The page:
Newspaper Archive of
Arkansas Catholic
Litlte Rock, Arkansas
April 20, 1945     Arkansas Catholic
PAGE 1     (1 of 8 available)        PREVIOUS     NEXT      Full Size Image
 
PAGE 1     (1 of 8 available)        PREVIOUS     NEXT      Full Size Image
April 20, 1945
 

Newspaper Archive of Arkansas Catholic produced by SmallTownPapers, Inc.
Website © 2019. All content copyrighted. Copyright Information.     Terms Of Use.     Request Content Removal.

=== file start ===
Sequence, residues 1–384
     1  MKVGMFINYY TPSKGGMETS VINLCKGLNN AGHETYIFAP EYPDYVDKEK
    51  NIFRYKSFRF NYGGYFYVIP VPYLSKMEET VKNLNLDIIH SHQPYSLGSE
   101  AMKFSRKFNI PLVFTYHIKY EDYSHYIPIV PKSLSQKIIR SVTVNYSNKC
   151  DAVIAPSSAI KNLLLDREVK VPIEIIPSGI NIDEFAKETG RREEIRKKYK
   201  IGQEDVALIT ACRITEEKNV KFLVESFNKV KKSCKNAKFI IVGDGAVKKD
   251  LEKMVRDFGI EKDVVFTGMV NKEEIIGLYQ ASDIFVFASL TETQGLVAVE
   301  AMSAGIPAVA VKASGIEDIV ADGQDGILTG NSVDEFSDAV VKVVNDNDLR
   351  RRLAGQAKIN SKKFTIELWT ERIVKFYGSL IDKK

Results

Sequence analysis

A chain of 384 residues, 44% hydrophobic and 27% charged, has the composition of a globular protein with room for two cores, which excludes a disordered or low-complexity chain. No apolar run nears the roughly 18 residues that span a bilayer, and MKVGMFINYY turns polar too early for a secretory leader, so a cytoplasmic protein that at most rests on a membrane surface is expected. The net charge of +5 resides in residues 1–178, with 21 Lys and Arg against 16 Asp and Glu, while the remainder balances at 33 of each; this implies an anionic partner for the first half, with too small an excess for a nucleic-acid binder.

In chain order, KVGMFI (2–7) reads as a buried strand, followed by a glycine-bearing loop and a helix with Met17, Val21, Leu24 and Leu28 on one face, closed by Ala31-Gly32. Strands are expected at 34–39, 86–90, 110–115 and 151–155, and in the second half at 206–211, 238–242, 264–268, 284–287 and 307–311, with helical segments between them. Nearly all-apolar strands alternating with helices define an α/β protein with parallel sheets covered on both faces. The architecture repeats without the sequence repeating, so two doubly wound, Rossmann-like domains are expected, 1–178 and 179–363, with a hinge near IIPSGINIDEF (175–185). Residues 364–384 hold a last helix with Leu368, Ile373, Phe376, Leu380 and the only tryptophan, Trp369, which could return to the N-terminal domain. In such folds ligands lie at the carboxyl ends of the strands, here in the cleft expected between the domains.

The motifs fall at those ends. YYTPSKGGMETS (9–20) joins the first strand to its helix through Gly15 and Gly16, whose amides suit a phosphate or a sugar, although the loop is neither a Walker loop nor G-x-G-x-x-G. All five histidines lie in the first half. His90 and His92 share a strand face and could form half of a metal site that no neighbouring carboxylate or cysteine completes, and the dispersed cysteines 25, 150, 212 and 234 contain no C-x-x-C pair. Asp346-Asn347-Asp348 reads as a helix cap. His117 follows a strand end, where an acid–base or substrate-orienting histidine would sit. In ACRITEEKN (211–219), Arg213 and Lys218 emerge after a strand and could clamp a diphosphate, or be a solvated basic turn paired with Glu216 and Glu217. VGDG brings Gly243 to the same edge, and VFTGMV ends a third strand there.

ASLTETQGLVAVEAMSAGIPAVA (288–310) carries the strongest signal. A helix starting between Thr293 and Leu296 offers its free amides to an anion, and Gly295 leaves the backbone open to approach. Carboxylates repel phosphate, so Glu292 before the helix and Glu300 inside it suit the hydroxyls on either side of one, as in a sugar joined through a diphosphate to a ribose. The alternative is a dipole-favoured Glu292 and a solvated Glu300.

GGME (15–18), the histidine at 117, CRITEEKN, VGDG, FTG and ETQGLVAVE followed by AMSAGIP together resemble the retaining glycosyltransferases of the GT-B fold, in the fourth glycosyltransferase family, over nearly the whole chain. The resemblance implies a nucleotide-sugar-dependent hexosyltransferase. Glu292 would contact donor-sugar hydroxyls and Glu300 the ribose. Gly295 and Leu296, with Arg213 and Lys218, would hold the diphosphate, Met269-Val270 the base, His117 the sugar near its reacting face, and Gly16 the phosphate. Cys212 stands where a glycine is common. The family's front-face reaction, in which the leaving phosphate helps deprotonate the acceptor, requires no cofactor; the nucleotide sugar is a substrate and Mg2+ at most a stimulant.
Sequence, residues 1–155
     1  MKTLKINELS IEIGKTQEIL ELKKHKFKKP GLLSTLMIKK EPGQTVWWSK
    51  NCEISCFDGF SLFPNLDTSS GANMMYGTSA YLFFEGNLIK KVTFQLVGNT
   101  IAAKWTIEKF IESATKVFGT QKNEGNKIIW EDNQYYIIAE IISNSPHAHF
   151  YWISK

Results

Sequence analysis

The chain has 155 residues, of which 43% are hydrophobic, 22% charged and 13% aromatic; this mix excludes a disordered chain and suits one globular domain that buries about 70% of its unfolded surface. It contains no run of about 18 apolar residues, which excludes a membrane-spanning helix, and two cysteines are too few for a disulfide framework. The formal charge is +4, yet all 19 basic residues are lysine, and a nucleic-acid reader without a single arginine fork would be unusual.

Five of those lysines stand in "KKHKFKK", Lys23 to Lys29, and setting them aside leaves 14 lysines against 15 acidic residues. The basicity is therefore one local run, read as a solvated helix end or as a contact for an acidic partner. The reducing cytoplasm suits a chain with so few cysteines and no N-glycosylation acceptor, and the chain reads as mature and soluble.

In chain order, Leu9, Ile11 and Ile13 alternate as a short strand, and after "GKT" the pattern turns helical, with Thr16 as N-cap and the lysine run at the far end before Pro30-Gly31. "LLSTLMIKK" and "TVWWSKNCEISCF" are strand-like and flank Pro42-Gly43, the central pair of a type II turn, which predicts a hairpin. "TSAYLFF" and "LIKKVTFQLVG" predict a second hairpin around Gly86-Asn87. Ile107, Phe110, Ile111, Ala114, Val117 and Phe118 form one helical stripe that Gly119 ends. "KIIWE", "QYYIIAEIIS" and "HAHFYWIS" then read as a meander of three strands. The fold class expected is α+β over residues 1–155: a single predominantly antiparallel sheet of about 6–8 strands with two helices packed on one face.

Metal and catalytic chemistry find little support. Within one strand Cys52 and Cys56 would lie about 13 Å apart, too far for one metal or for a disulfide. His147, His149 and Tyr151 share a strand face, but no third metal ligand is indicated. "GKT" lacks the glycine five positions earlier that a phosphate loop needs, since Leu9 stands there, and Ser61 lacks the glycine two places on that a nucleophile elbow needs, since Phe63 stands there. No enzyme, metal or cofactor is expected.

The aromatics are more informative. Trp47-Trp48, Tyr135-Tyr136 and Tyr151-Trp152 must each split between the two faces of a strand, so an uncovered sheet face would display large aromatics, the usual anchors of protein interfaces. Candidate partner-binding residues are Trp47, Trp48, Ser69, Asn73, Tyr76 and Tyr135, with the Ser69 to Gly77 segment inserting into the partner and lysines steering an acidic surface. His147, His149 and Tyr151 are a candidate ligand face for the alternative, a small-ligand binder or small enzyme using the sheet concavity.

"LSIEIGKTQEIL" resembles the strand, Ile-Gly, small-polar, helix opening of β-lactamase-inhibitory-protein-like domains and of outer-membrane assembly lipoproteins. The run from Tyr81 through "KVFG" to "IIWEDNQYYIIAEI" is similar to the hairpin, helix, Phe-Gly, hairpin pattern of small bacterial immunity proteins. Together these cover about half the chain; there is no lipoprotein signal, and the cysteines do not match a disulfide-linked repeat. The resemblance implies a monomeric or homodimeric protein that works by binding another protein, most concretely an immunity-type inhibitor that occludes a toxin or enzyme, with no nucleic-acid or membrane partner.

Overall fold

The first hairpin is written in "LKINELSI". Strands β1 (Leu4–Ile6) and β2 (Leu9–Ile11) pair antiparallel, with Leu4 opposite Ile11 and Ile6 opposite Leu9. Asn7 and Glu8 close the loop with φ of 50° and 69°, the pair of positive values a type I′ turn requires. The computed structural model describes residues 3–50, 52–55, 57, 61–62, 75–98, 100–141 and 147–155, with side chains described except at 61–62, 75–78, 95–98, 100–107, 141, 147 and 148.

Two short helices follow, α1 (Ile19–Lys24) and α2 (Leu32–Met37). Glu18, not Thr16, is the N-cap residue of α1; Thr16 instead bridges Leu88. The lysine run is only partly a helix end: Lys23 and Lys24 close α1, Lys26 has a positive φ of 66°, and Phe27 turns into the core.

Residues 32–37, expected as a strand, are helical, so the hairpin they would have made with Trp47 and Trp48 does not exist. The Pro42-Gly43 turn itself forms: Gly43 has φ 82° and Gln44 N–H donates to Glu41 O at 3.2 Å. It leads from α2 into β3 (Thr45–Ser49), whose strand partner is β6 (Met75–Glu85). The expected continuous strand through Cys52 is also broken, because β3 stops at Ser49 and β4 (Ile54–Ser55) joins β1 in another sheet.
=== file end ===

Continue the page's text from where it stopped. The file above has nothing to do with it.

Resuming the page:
Bishop&apos;s H c 617 Lou00 i Z%. aL-amanyiS s. conditions  JQ.  Oh2 e ruder been ,IN D. ROOSEVELT XXXlV Roman re through'l have lost a great President. His claim to great- r who ia is under| )cess of extt le exiled L to the Fede r and new line in ont t '200,000 eskis (So boasted ov Lithuania work in a is going ssifieatiot Llthuani$ s made go continue t new R )een brou a. is un., one reaJ a hunger Jnger.' uanian W 'hile discul ,ns of will ey are of :1 them to Union, w, - Red the que rvival, the ] he is t. pessimis'C] 7e are he] ruing fronl] )ur hopes :vldently a corking ha rill be vet April "a le Best S :i Vi)e headqU$ the Quee  :y. central j ry " UlaT / code, among [ that nothing oken of the dead. last week the na- were awed by of the death of friends and one accord to of- Even his the dauntless D. Roosevelt. handicaps driven a lesser all hopes, the a fierce odds reaching the the gift of He went be- so won and re- of Ameri- that they elected to the office of a preeed- by Wash- observed by all Mr. Roosevelt being elected for ' the violent sincere men of them his former Presi- wealth and his altogether schools, but he to the wel- 0amon man and oa time and time to help him, Mr.  mistakes as all do, In his anxiety 11r dlaary man, he re- IIAqk ',or-indulgent father, ed by his love for act imprudently.  President's meas- IT: intended only to lt of the laboring |frtunate were lll- L.lSmanaged so that rOVident people and taities too prone to gives l[.eral government for In four |.atry so extensive ses no 'Jurs is, and where ;e one ]h'em prevails, it is .'r oa- |'ry on the details of L)vithout a certain tses. But despite ,ql e. late President won L. al the hearts of his en and he will go |'. as a great Ameri- Lq[e' fitful fever, he .tlied in the active t " i,eOntry, being un. despite his grave .' i atural to admire ., Wifh a prayer for  of the late Presi- tccasP the torch that ,00tys dead I victory. Peace! v.' Harry S. Tru- e'second President tates The news- ot his'life says that his middle initial eal name, but was rbecause he had two th different names, a began with the Order not to show either one the S ang, but if the ac- i_about him by a _ Associated Press  may well stand jut. ruman is de- a, "whose knowl- limitations is such, aesltates to call on  qualifications on h importance, he ierlor to his own."  and there is no et that it is not, ! further question ;?',,n's ability to on page 8 not on account of the mistakes he did not !t because of his amazing accomplishments as "utive during 12 years of the nation's most THE OFFICIAL ORGAN OF THE DIOCESE OF LITTLE ROCK LITTLE ROCK, ARKANSAS, APRIL 20, 1945 NO. 16 Catholics throughout the nation joined with heir fellow Americans in mourning the loss of their President, Franklin Delano Roosevelt. These scends recall a few of the many evenls of Catholic interest during the career of Mr. Roosevelt as Presi- deht of .the United States. Upper panel: \\; In three of tim four inaugurals of the late President, Catholic prelates officiated at the ceremonies, Monsignor Michael J. Ready, (left) then General Secretary of the N.C.W.C., now Bishop of Columbus, gave the Benediction in 1941, and Monsignor John A. Ryan, (center) Director of the Social Action Department, N.C.W.C., gave the Benediction in 1937 and 1945; At the White House, in 1939, Frank 3". Murphy, later Associate Justice of the U.S. Vatican City. riO--In a message of condolence upon the  death of President Franklin D. Roosevelt, His Holiness Pope :Plus XII ex- pressed to Harry S. Truman, the new President, h2s "profound sense of grief born of the high esteem in which We held this renowned statesman and of the friendly relations which he fotered and main- tained with us and with the Holy See."  News of the President's death was received at the Vatican at 12:30 a.m. today. The Rt. Rev. (alls 00o0sevelt '00reat' lm m that , " . -- .' Washington () Dec  g President ,Franklin D. Roosevelt will take his place as one of the great figures in the history of the United States, His Excellency tie Most Roy. Amleto Giovanni Cicog- nani, Apostolic Delegate to the United States, today called him a champim in the defense of hu- man dignity, one towards whom the eyes of all peoples were turn- ed in anxious hope. "May the San Francisco Con- ference, to which the President was dedicating every possible ef- fort, be an act of homage to his memory," Archbishop Cicognani said, "by actualizing the organ- izati6n of all those nations which are willing and determined to do their part to safeguard the world- wide brotherhood of man in a peace founded on justice and charity." His Excellency conciuded with this prayer: "May God, whom President Rooseveli so often invoked both for himself and for the peace of the world, welcome his noble soul into rest eternal." "The news of the death of President Roosevelt," said th Apostolic Delegate, "coming as a shock at such an eventful mom- ent in world history, is cause for universal mourning and heartfelt grief. His Holiness Pope Pius XII has expressed by telegram his profound condolences and I wish to manifest my sincere personal See ROOSEVELT on page 8 Msgr. Giovanni Battista Montini, of the Papal Secretariate of State, immediately communicated the news to the Holy Father, who sent President Truman the following cablegram: "The unexpected and sorrow- ful word of the passing of the President brings to our heart a profound sense of grief born o f the high esteem in which We held thi, renowned statesman and of te friendly relations which he fo..tred and maintained with us and with the Holy See. "To the expression of our con- dolence We join the assurance of our prayers for the entire Ameri- can people and for their new President, to whom We extend our fervent good wishes that his labors may be efficacious in lead- ing the nations at war to an early peace that will be just and Chris- tian." Later in the day, at an audience which the Holy Father regularly grants to soldiers of the Allied nations, the Pontiff prefaced his remarks with these words to members of the United States armed forces: "We express to the members of the American forces here present our deepest condolences upon the death of Mr. Ro;evelt, the be- loved President'l" the United States." The tragic news f the sudden death of President Roosevelt was received with deep sorrow throughout Vatican circles. One of 3 Sisters Who Joined Mercy Nuns Dies Vicksburg, Miss. (10 -- Sister Mary Dorothea Crahen of the Sis- ters of Mercy has died at St. Francis Xavier Academy here at the age of 55. She was a native of Rin'ey, Ky. She is survived b' two sisters, both Sisters of Mercy, Sister Mary Loyola of Meridian, Miss., and Sister Grace Marie of Chicago, Ill. Rev.. Charles E. B'ermingham, Director cf Youth work in the diocese of Brooklyn, who hzs been named Director of Youth Department of the National Ca- tholic Welfare conference in Washington. Father Berming- ham succeeds the Rev. Paul F. Tanner, of Milwaukee, recently namcd Assistant General Secre- tary of the N.C.W.C. Letter From Roosevelt 0we,J Peace Washington. 0t'--The death of this country's Chief Executive at JClass, serving as honorary pall- a time when the United Nations bearers formed a Ruard of hoorn . fl . __ prepare to garner the. frmts, o I while the remains were brought military rectory through a juslfrom the chapel. Following the peace serves to recall the woraslceremonies at the cemetery the with which President Roosevelt, I seniors formed a procession and in the early days of the war, each laid a red rose on the grave. acknowledged the pledge of loyal cooperation given to him by the Bishops of this country in the name of American Catholics. "We shall win this war," Presi- dent Roosevelt wrote to the Most Rev. Edward Mooney, Archbishop of Detroit and Chairman of the See LETTER on page 8 Developing the text of his ser- mon, "Life is changed; it is not taken away," Msgr. Keany spoke "of death as the transition to a greater and fuller life beyond-- the eternal life for which the soul was created. For the religious whose life is spent in lrayer and See REQUIEM on page 8 Cheney, Rev. J. N. Doyle, Rev. H. J. Chinery, Rev. Lawrence Graves, and Roy. James McDon- nell. Also present at the inter- ment were Very Roy. Msgr. James E. O'Connell and Rcv. Joseph M. Burns. Pall bearers were W. W. Find- ley, Robert S. Peters, John Mur- piy, and A. P. Stedman. Mem- bers of. Mr. St. Mary'S Senio x AMERICAN CATItOLICS MOURN THEIR PRESIDENT Supreme Court, was sworn in as Attorney General, one of three Catholics to serve in Cabinet posts under Mr. Roosevelt; Lower pmml, left photo: Present at the Catholic University of America, in 1933, for the conferring of the honorary degree, Doctor of Laws, upon President Roosevelt were, left to right, Mr. Roosevelt, Mrs. Roosevelt, Cardinal Hayes of. New York, Archbishop Curley of Baltimore and Wash- ington, Archbishop Cicognani, Papal Delegate and Msgr. James H. Ryan, now Bishop of Omaha, then Rector of the University; right photo, pictured in 1935 'when Notre Dame University awarded the late PreSident an honorary decree. Mz'. Roosevelt is shown with his friend, Cardinal Mundelein of Chicago. (NCWC) Requiem Held For Sister Na00dalene Little Rock.--Solemn Requiem High Mass was sung by Very Roy. Msgr. T. L. Keany, Mt. St. Mary's Academy chaplain, for Sister M. Magdalene Cline, R.S.M., April 12, at nine o'clock, in the academy chapel. Very Rev. Msgr. Joseph A. Mur- ray was deacon for the Mass, Roy. Ciaiborne Lafferty, sub-deacon, and Roy. John E. Murphy, master of ceremonies. Present in the sanctuary were Rev. Jesse C. Ten Archbishopsand Bishops Sign Notable Document 'On Organizing World Peace' Citing Grounds For Fear Washington.--As they begin this week to converge upon San Francisco, delegates to the United Nations Conference have available to them a clear and cogent statement by the Adminis- trative Board of the National Welfare Conference, urging the safeguarding of "the freedoms of all peoples" as "the only way to an enduring peace," and warning that certain grave misgivings must be resolved, Bringing up to date the vitally important statement issued by the Bishops of the United States following their Annual General Meeting, here, last No- vember, the latest document, signed by ten Archbishops and Bishops and made public yes- terday, is meeting with the same quick and widespread recognition as a great war- time paper. It was adopted and the Bishops had adjourned ,be- fore the death of President Roose- velt. Pointing out that the organiza- tion of the community of nations for world peace and cooperation "will test the fullness of our vic- tory," the statement by :the N.C.W.C. Administrative Board asseffts that "a sound world or- ganization is not a utopian dream," but warns that "unless strong, courageous leaders, with the full support of their peoples, put their hands to this task, there will be no genuine progress in interna- tional life." "Disillusionment in our country," it warns, "will ex- press itself in the isolationism of the abstentionist." The Bishops slate that every day makes rnor evident "the fact ee FREEDOMS on Pa/e 5 Mary's Da y Plans Nearing .. Completion Little Rock.--Miss Lillian Sum- mers, president of Mt. St. Mary's Alumnae, announces that the as- sociation is making arrangements for Mary's Day, which is spon- sored by the Alumnae each year. This movement, which is fostered only by Catholics, was inaugurated by one of the presidents of the International Federation of Cath- olic Alumnae, Mrs. Philip. P. Brennen, and is celebrated 'all over the nation on the day be- fore Mother's Day, which this year will be May 12, 1945. The com- mittee appointed by Miss Sum- mers consists of Miss Rose Me- trailer, chairman, Mrs. Granville Sutton, Mrs. John P. Powers, and Mrs. Frank F. Fuller. A'rangements have been made by the committee to have the Mass Celebrated at St. Andrew's Cathedral at 7:00 a.m., on Satur- day, May 12, 1945, and it is the earnest desire of the committee that everyone possible in Little Rock and North Little Rock at- tend this community Mass. This movement has the approval of His Holiness, the Pope, and our most Reverend Bishop, John B. Morris, of Little Rock. There are three requirements in order to make this a success: 1. That we receive Holy Com- munion in honor of our Blessed Mother. 2. That we contribute a Mary's Mite to some worthy charity or welfare work of the parish. 3. That we wear during the day the Miraculous Medal in hon- or of our Blessed Mother. Knights, Helena Ceuncil, Send Guardian Check Guardian Office.Joe Etoch, Grand Knight of Helena Coun- cil No. 1770 sent along this week his Council's check for $17.50 to be applied as its share of the picture service used each week in The Guardian. Johh Lueken, Jr., Council Treasm, er, joined the Grand Knight in words of praise for our Diocesan Newspaper. Helena Council" wrote Mr. Etoch: Grand Knight, "is al- wayz; 100% behind The Guard- ian," He also offered Helena Coun- cil's assistance at any time. For years the Knights of Col- umbus in Arkansas have con- tributed $164.00 to The Guard- inn, which cares for the entire cost of the National Catholic Picture Service. Pro-rating the amount among the Various Councils, the Knights have tak- en it upon themselves to act in unison on this one fine gesture. His Eminence August Cardinal Hlond, primate of Poland, who has arrived in Paris following his liberation Easter Sunday by the American Ninth Army at Wiedenbruech, where he was held prisoner by the Nazis. The 63-year-old Cardinal escaped from Poland to France in 1939, where he was arrested by the Gestapo when the Germans overran that country. ]NCWC). (fairness and justice to all his fellow men, re- !race or creed, he was the ideal president. a man with the courage of his convictions. :h6 ddubt where he stood on an issue. He i'fighting for what he thought was right. Some tto mistakes he made--in doing so, they are iisfng. him of being human. ve this country courage and leadership in the 'ession; as Commander-in-Chief of the Armed [SUperb planning and executive ability, he mar- !great resources of this country for winning the t'e inscrutable design of Divine Providence, he :]ive to see the earthly peace among nations for gave himself in such full measure. g the peace he sought for this country and the !!realized soon. 'his soul rest im peace. JOHN B. MORRIS Bishop : .__ of Little Rock. "" .............. Liberated Cardinal Franklin Roosevelt t[Saf.e00ltlard 00leedoms, N. (. W. (. Board Urges he IIMessage of ape 7o You< Director Statement Made On Eve, Was a man always ready openly to profess his t on God. Without fear or misgivings problem squarely and gave his country every aergy, courage and ability he possessed. Iogizes San Francisco (onference Tru Eu man